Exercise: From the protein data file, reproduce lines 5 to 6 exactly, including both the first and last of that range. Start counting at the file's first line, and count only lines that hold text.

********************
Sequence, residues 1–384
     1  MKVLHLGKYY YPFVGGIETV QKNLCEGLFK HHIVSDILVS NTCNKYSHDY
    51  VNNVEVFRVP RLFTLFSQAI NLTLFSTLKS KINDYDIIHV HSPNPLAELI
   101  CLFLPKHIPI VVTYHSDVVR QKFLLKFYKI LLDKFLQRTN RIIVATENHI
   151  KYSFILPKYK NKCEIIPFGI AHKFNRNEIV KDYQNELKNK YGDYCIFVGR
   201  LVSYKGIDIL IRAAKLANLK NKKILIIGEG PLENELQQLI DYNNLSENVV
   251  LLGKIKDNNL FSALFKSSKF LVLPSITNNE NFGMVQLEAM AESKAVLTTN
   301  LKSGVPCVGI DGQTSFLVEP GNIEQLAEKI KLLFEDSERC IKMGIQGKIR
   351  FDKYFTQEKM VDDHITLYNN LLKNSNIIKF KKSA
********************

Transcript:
   151  KYSFILPKYK NKCEIIPFGI AHKFNRNEIV KDYQNELKNK YGDYCIFVGR
   201  LVSYKGIDIL IRAAKLANLK NKKILIIGEG PLENELQQLI DYNNLSENVV